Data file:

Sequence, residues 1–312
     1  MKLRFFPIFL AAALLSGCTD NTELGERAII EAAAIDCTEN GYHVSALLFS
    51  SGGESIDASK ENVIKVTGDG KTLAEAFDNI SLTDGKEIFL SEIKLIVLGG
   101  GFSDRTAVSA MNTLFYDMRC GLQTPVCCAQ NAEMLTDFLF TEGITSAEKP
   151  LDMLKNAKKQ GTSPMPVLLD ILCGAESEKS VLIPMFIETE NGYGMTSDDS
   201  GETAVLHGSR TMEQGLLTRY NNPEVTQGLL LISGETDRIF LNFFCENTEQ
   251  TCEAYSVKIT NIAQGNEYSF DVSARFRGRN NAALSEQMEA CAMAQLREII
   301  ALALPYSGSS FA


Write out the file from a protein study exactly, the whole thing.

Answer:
Sequence, residues 1–312
     1  MKLRFFPIFL AAALLSGCTD NTELGERAII EAAAIDCTEN GYHVSALLFS
    51  SGGESIDASK ENVIKVTGDG KTLAEAFDNI SLTDGKEIFL SEIKLIVLGG
   101  GFSDRTAVSA MNTLFYDMRC GLQTPVCCAQ NAEMLTDFLF TEGITSAEKP
   151  LDMLKNAKKQ GTSPMPVLLD ILCGAESEKS VLIPMFIETE NGYGMTSDDS
   201  GETAVLHGSR TMEQGLLTRY NNPEVTQGLL LISGETDRIF LNFFCENTEQ
   251  TCEAYSVKIT NIAQGNEYSF DVSARFRGRN NAALSEQMEA CAMAQLREII
   301  ALALPYSGSS FA